Look out, Philip Wang! It looks like David Choi is competing with Phil and the Fangirls for “man of my dreams” (like, literally, my dreams).
I was on vacation with my mom’s side of the family – at least 40 aunts, uncles, and cousins. We were possibly camping – nothing too fancy. We were all divided into various sleeping quarters (basically a bunch of tents on a hill), but we also had a tour bus/RV for some relaxing, air-conditioned cooking space.
It was 6:25 AM. I was still sleepy but awake, making my way from the sleeping quarters to the RV. I hadn’t yet gotten ready for the day, so I was still in glasses and sweatpants with my hair messily pulled back. As I got closer to the RV, I saw David through the window.
David and I had recently gotten married. Though we were on vacation together with my family, it had been a couple days since I had seen him. As I climbed the steps into the RV, I noticed I wasn’t wearing a wedding ring and then remembered that David and I hadn’t gone public with our marriage yet. We weren’t Facebook official.
Inside the RV were David and two of my older cousins. David was standing by one of the counters as he worked on his laptop. My cousins were sitting around and eating breakfast. One cousin mentioned that the rest of the family couldn’t sleep either. She pointed to the tents on the nearby hill and said that the other cousins were waking up, too.
David was busy working, so I didn’t want to disturb him. Instead, I sat down on one of the benches and grabbed a piece of granola from a tray on the counter. It was homemade granola with a layer of peanut butter on the bottom. Suddenly my mom and a couple aunts were also in the RV, which now looks like my parents’ kitchen. As they stood by the granola, I thought I heard buzzing. It sounded like a swarm of bees, but I didn’t see any bees in room. I even got up to take a closer look at the granola, just in case the peanut butter was attracting flies. Nothing. I realized at that point that the almost deafening buzzing was just the sound of my mom and her sisters talking and laughing.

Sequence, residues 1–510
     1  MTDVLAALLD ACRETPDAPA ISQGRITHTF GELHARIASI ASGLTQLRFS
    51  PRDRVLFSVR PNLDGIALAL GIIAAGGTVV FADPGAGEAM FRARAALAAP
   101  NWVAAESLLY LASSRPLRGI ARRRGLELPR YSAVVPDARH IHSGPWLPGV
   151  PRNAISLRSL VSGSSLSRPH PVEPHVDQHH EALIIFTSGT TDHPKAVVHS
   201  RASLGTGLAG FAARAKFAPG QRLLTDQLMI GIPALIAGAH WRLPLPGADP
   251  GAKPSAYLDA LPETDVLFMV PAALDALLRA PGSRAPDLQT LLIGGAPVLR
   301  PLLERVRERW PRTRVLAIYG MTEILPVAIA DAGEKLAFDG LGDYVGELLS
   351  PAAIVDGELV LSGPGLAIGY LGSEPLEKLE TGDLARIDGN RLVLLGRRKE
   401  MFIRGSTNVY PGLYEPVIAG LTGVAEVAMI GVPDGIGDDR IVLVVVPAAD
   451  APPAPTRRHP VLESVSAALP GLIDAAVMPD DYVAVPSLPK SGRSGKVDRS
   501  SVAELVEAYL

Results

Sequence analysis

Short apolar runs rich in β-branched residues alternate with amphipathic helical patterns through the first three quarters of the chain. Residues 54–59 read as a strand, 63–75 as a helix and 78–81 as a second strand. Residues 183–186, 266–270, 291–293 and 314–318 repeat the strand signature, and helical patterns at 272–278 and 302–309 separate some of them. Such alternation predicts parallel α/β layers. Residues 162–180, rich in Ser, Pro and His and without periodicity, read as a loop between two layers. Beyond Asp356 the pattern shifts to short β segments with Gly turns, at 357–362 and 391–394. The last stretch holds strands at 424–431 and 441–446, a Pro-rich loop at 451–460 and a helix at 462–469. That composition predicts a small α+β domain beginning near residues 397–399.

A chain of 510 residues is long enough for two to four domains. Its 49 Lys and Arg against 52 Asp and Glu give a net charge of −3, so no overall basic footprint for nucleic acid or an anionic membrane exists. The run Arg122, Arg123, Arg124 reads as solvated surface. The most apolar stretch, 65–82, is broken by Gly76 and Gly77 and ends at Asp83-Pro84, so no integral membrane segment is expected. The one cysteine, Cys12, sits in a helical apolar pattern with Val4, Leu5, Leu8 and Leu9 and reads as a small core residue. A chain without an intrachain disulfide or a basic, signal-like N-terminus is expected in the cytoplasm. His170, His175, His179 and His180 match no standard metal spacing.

David finally looked up from his work, and with a smile, we made eye contact. I got up from my bench and went over to where he stood. “I feel like I haven’t seen you in such a long time,” I said as I hugged him and rested my head on his shoulder. His shirt was soft – light gray with blue, irregular circles all over it.
“I’ve been busy,” he replied, sounding tired.
“How’s recording going?” I asked, almost falling asleep on his shoulder and struggling to keep my eyes open.
“I need to take a break. I mean, I have three string tracks,” he said, thinking it was a bit excessive. I looked down at his laptop where he was editing a new song. I looked up and realized that his face was no longer David’s but my mother’s. I thought nothing of it.
“But I just keep recording them,” he continued, “because I know how much the tracks degrade whenever I adjust the tone.” (It’s like the string tracks are recorded on vinyl, so he felt the need to record back-ups since the tracks get worn down every time he plays it back or fiddles with some dial.)
“That’s why they call it… Oh, what’s the phrase?” my cousin chimed in. “Oh, that’s right. Toilet bowl composition.” (I guess that was supposed to refer to string arrangements and how the layering of degrading tracks makes it sound like everything was just thrown into a toilet bowl. Or it just sounds like crap.)
I woke up from this dream around 3 AM, and just before I fell back asleep, I remembered David’s most recent Facebook post:
So I’ve produced, arranged, recorded, and played almost every instrument on my last three albums. “Only You,” “By My Side,” and “Forever and Ever.” It’s a LOT of work. Rewarding, but still a LOT of work… and stress. For my next album, I entertained the idea of having a bigger well known producer help me out this time which means I would NOT do the producing, arranging, and recording. Which ultimately means it would sound a bit different… not to mention cost lots of money. Of course the songs would be 100% written by me. What do you guys think?
Well, David… If we were really married, I would want you to hire a producer. I didn’t particularly like going several days without seeing my “husband” because he chose to spend most of vacation working… Is doing all the work worth what you would have to sacrifice? I think if you can find a producer you trust as an artist, business person, and human being, it might be worth the risk and the cost.